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22 March 2007 @ 01:25 pm
Scars & Souvenirs (1/1)  
Title: Scars & Souvenirs
Fandom: Prison Break
Character/Pairing: Michael Scofield/Sara Tancredi, mentions of Frank Tancredi
Word Count: 3,028
Rating: PG
Spoilers: 2.07, "Buried"
Summary: Michael learns that even the people who seem the strongest eventually have a moment of weakness.
Author's Note: Prison Break and its characters have been manipulated here without the knowledge or consent of 20th Century FOX Television. I am not affiliated with the show, its production companies or cast members and no copyright infringement is intended.

...You peel all the layers of forever, you start the beginning of the end. Breathing is bridging the gap between black and light... - "SOUVENIRS" by THE GATHERING


Michael heaves the last of several cardboard boxes into the back of the Ford that Lincoln has so graciously offered a day's use of, his breath rushing from his lungs in a sigh of relief. He stretches his arms over his head, feeling the protesting muscles of his biceps loosen minimally as he observes what little room is left in the bed of the truck. The boxes create an irregular mountain of brown cardboard but Michael has arranged them as neatly as possible for space efficiency. They're less daunting this way, packed in and organized, than the way in which they had piled up little by little on the covered porch stretched behind him.

Over the course of the afternoon, boxes - crammed full and taped shut - had begun accumulating just outside of the front door of the late Frank Tancredi's home. Sara had packed them herself and deposited them there for Michael to deal with.

Watching Sara sort through her deceased father's belongings had been like watching her sort through memories of him - two things she'd been putting off for far too long. Some of the boxes she'd carried from the bi-level and placed down carefully, like lowering a sleeping infant into a crib; others she'd merely dropped or slid off of the elevated threshold with the shove of one foot. Michael has been careful to stay outside and soak up the late October sun; careful to give Sara the time she needs for the finality in this act.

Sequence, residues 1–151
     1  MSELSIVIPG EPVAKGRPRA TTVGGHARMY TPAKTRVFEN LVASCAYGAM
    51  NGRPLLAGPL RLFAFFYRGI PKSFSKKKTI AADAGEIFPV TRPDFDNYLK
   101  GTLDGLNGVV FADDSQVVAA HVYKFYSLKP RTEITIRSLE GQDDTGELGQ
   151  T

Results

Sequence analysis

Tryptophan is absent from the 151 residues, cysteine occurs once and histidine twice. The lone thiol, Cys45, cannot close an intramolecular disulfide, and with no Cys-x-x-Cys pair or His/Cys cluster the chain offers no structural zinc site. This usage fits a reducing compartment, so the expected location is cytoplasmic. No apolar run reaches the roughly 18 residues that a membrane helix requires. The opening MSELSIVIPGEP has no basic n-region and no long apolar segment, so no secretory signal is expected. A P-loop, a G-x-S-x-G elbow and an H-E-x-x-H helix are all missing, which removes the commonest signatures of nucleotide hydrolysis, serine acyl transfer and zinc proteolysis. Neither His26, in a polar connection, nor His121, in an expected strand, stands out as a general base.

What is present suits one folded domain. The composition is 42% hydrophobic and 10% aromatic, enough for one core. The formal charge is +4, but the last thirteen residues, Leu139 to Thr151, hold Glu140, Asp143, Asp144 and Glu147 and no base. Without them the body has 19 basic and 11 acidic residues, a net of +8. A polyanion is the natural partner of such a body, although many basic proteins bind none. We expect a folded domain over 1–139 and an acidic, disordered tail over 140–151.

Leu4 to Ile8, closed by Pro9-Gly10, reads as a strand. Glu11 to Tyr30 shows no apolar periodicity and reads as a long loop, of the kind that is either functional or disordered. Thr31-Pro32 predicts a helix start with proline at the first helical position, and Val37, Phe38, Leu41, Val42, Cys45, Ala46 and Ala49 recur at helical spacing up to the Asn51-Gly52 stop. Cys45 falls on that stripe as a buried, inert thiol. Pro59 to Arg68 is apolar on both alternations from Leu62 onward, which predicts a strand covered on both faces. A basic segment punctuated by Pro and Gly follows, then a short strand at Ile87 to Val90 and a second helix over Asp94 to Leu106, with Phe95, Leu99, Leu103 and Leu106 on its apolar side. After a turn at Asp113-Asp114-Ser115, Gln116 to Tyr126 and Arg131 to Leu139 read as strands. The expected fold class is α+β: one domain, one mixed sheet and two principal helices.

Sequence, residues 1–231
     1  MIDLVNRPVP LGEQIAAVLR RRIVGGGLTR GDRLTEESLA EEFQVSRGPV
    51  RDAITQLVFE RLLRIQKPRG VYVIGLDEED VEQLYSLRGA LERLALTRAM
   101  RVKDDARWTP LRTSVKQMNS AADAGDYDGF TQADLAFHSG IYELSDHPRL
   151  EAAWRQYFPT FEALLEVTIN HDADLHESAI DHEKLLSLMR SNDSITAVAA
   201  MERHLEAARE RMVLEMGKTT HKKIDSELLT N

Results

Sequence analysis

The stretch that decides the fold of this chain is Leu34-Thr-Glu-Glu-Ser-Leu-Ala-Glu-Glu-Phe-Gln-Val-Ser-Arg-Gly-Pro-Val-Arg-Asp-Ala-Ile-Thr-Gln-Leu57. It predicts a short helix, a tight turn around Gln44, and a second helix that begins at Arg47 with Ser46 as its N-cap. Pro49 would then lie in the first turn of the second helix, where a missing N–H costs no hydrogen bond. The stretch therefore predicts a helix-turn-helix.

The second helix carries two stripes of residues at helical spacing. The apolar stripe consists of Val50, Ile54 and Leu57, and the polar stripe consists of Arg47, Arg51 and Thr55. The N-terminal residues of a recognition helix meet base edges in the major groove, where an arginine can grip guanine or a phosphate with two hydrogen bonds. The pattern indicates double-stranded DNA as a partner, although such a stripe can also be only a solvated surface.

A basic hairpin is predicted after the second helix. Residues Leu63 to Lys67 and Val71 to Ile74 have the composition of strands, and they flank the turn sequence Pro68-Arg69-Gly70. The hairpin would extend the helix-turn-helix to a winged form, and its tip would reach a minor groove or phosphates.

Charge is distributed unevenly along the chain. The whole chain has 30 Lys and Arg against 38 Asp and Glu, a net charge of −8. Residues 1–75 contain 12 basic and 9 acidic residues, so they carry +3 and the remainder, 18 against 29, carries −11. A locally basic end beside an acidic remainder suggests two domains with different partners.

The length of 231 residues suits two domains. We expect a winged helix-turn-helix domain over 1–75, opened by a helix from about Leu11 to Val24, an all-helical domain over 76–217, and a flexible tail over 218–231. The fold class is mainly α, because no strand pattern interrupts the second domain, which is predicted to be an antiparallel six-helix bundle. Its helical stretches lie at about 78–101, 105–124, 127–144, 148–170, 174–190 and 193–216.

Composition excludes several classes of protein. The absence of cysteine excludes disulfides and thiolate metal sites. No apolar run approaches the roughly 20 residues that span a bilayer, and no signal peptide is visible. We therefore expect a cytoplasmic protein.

Each time she appeared with another box, the varying expressions on her face, in her distracted gaze, had been sweet and sour - like the memories, like her treatment of her father's possessions - and Michael had not been surprised to note the growing degree of weariness etched around her eyes and mouth.

It has been six and a half hours already and Sara has only merely mumbled that she is coming close to being finished. The house boasts only seven rooms. Michael is glad that it is pre-furnished for its politician inhabitants - that Sara need only worry about her father's personal items and not the rest of the decor - or this awkward and unpleasant ordeal would be prolonged. Sara has made it clear that she never wants to return to 410 East Jackson Street if she can help it. Michael knows she wants a clean break after this painstaking experience and he wants that for her, too.

"You haven't really had the time to mourn, Sara. Not properly." Michael and Sara are stretched out on her bed, side-by-side. They are atop the slightly rumpled duvet cover, mirroring each other perfectly with their hands folded over their chests and their eyes on the ceiling above them.

"Properly? Michael, I don't think there's a proper way to mourn." Sara sounds exhausted and the words are dry, almost hoarse. Michael chances a glance at her face. It seems pallid, as if just talking about any of this is making her ill.

"But...you haven't really mourned..." Michael pauses, watches the corners of her lips twitch in some form of discomfort, "at all."

Sara rolls onto her side now, facing away from Michael as if she can deflect his probing mind; as if she can deter him from thinking about her and her well-being like he seems to do every waking moment these days. In the way that he wasn't able to before his exoneration - before his
brother's exoneration - no matter how much he would've liked to.

Sara tucks her arms up below her chin, cradles them to her chest as if to hug herself and pulls the pillow under her head closer. Michael can no longer see where her gaze is. He has a feeling she's closed her eyes.


"I can't mourn something I never had."

"What are you talking about?" Michael sits up, his palms braced behind him on the mattress as he looks down on Sara's face in profile and realizes that he had been right. Her eyes are shut tightly, as if she can block out the world, this conversation...him. "You had a father one minute and the next..." his throat grows thick and the words feel a bit strangled as he finishes lamely, "you didn't."

"I've lost a Governor. Like the rest of the state. I haven't really had a father for years now. Our relationship...it...it was strained at best."

"You said that the two of you were working through things, Sara, doesn't that--"

"Let it go, Michael." Her eyes fly open and in the relative darkness of the room, the deep sepia of her irises are boiling with a mixture of irritation and abstracted sadness. She doesn't look at him even now - even though he is looking at her. He is always looking at her.

Michael quiets. He remains still, watching the muscles in her jaw tick, noting the small creases wrinkling her brow. Finally he lowers himself back down to the bed, again flat on his back. He re-folds his palms across his chest and returns his gaze to the ceiling, fighting the urge to be hurt by Sara's refusal to let him in to the parts of her heart that are still obviously ridden with pain; even if she refuses to admit it. Some days she's warm and open to him - to them - and the relationship they've been building from the ruins. Other days, like today, she is still lost in the past that neither of them can change.